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An Interview with Kim Sønderholm, Director, Writer and Star of Little Big Boy: The Rise and Fall of Jimmy Duncan

by Mike Haberfelner

June 2011

Kim Sønderholm on (re)Search my Trash


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Your new film is called Little Big Boy - in a few words, what is it about?


Very briefly, it is about an acclaimed movie director named Jimmy Duncan who is working on his fourth feature film, but things go badly for him, not at all like he expected and things take some rather unexpected turns for him.


With Little Big Boy you have written a film about a guy who, like yourself, is a filmmaker - whom you actually also play in the movie, sooo ... is there any autobiographical aspect to the film?


Haha, yes and no. I have experienced a massive amount of weird things not forgetting points of frustration both during my time as an actor but also as a director, and I wanted to tell a fun story about it. I think this is a film you will either love or hate. If you're a filmmaker you will probably laugh your ass off and say 'Hey, I've been there!'... others who are used to watching films with a linear way of storytelling might not get it and therefore hate it, that is of course to each his own, but it is not a traditional A-Z popcorn flick. But first and foremost I wanted to share a lot of weird experiences from my, so far, ten years of standing in front of or behind the camera. You meet a lot of people, some are talented, some are far from talented - and some even have way higher opinions about themselves and their skills than is realistic. Some are nice, some not so nice. It is about how everybody has an opinion about your work when you work with film. Some know what they are talking about, but a lot of them are completely clueless. In the end a review is always just an opinion and should be treated as a such, but a lot of reviewers use that opportunity to vent out a lot of frustration and in the end often have very little to do with the project they are talking about. I am not poking fun at anyone special in this film, but a lot of the situations are taken from real life.

Then of course, some, like the ending, is clearly not. But... You will need to see the film to know what I am talking about. Yes, I know - I'm a tease, haha.


What were your actual inspirations for writing the movie?


Real life... life as a film maker... I got the idea after seing a documentary named Overnight which basically was about the same thing, although this was a real documentary about things that really transpired. Not a lot of people know the documentary, but everybody knows the film it is about, that being Boondock Saints and more precisely the problems the director had with Harvey Weinstein and Miramax while making it. I found it very interesting, I love behind the scenes- and the making of-stuff and I thought to myself that it would be fun to make a mockumentary like that. Later I stumbled across another movie named Confessions of an Action Star which was just that, a fake documentary about a stuntman in Hollywood, I found it really funny and it was clearly a parody spoofing people like Stallone, Schwarzenegger and Steven Seagal to name but a few. So basically those two films were the inspiration for me, so sort of tell the story about Jimmy Duncan, an orphan movie director with a lot of emotional baggage and a very hot temper. I guess most people can already tell this is not a movie like any other, it is not one that tells a story from A to Z, it is setup as a documentary including interviews with a lot of people like eg. Troma's Lloyd Kaufman telling about his first meeting with Duncan at the Cannes Film Festival and some other very obscure anectones.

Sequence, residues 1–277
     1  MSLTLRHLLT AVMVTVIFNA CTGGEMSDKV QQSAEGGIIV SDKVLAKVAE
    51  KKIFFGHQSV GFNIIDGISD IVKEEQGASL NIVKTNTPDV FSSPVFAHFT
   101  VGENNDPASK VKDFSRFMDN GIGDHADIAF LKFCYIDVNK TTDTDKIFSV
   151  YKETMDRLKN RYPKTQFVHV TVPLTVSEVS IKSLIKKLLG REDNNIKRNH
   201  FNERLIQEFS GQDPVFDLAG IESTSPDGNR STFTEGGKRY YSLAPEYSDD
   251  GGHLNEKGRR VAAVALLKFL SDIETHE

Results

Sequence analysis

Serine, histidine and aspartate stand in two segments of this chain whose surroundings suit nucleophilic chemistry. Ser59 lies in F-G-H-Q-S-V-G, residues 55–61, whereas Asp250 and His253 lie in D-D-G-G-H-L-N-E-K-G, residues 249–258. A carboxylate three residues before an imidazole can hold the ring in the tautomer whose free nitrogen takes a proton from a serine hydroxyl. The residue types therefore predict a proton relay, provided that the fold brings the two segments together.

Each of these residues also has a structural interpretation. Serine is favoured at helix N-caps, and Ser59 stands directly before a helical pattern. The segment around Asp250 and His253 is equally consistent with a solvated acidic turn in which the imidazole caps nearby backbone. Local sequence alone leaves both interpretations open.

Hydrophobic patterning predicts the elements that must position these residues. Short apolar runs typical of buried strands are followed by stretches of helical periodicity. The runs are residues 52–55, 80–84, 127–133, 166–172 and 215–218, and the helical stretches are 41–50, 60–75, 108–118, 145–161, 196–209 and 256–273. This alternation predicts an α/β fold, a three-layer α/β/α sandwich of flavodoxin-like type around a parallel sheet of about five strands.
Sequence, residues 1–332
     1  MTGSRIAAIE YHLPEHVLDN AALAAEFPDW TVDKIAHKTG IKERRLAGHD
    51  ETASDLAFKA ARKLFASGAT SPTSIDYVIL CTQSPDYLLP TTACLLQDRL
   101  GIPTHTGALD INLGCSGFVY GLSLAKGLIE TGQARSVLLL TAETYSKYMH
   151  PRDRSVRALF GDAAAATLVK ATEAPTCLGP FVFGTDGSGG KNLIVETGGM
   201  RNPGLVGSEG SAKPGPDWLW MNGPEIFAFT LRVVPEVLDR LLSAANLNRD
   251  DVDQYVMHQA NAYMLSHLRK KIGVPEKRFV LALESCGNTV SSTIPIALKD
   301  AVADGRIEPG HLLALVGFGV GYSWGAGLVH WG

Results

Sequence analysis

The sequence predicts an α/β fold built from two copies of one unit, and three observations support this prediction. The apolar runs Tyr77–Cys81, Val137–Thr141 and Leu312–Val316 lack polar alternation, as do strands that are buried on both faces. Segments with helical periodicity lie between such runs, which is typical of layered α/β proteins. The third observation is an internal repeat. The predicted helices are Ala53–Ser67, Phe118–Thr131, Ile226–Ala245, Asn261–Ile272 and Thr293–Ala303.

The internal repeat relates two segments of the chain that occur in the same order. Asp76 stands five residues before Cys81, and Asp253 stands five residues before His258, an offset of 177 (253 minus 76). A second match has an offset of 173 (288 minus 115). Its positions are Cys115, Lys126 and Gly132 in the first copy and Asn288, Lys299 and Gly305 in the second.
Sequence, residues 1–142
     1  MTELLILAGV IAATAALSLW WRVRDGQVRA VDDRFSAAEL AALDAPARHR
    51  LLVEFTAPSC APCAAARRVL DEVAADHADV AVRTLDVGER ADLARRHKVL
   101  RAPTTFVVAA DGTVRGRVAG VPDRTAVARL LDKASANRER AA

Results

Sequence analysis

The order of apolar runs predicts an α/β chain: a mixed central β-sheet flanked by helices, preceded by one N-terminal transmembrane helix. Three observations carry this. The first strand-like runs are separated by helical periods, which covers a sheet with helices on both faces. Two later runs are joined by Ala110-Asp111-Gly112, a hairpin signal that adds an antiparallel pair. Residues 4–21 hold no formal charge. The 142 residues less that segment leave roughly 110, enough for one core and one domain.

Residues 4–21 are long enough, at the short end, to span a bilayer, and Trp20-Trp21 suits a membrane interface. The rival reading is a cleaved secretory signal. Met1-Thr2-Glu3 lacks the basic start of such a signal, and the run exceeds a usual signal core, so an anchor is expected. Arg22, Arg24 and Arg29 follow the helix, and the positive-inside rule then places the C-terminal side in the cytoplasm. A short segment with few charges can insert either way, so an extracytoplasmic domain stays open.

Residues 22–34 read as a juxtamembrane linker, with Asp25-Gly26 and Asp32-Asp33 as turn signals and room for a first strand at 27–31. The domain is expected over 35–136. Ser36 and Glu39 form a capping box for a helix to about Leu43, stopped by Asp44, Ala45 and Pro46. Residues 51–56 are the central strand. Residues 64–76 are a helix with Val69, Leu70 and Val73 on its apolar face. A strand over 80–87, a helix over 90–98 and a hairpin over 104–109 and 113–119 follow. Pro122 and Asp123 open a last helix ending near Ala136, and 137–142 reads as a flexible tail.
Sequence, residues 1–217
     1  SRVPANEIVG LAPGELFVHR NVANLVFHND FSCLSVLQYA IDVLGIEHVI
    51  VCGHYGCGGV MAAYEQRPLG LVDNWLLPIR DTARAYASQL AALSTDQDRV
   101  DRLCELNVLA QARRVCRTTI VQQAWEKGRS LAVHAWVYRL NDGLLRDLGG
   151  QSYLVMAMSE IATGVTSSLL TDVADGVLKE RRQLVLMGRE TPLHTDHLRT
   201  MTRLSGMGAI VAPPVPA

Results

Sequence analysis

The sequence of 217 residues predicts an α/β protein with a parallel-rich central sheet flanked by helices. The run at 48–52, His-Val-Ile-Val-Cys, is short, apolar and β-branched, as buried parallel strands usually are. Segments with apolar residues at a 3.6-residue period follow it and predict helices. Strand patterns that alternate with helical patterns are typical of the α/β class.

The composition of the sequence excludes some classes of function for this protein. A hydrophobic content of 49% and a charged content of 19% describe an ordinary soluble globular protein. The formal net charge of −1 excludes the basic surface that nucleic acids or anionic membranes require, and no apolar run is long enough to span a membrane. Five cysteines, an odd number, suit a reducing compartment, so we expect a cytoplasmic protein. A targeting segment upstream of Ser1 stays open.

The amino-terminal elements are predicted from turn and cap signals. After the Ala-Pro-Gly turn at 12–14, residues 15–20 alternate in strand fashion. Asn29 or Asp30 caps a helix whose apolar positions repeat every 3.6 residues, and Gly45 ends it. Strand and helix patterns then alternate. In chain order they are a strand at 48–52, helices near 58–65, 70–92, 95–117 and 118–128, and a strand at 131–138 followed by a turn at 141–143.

It has a lot of comedic elements, as well as horror elements and even some real drama in it. Although, don't be discouraged by the word 'drama', people... it's really not dangerous! Haha.


There is an extended and pretty amusing sequence about the casting of a topless role. Am I right in assuming this was based on your own expecience?


Haha, let's just say that scene in so many ways comes from real life, yes. You would be amazed the things you get presented to during casting sessions, haha. Making a film is hard work, much more than you can ever imagine. This is my way of venting, you might say, haha.


How did the death by donkey punch-idea slip into the movie, and could you elaborate on that whole concept?


Haha, oh dear. Well it is a known fact that a lot of creative people always seek new boundaries and experiences. I'm sure a lot of people are familiar with the donkey punch theory. I have to waive the white flag and come clean and say I never tried it and never felt the urge to either, but basically it is during the sexual act, if you punch the woman in the back of the head it should extend and highten the climax... problem with that is, punching someone in the back on the head is close access to the brain so something can easily go wrong... I'll leave you with that thought...


Despite its rather serious, disturbing topic, Little Big Boy also has a humourous side to it. How would you prefer to see your film, as a merciless genre flick or a black comedy?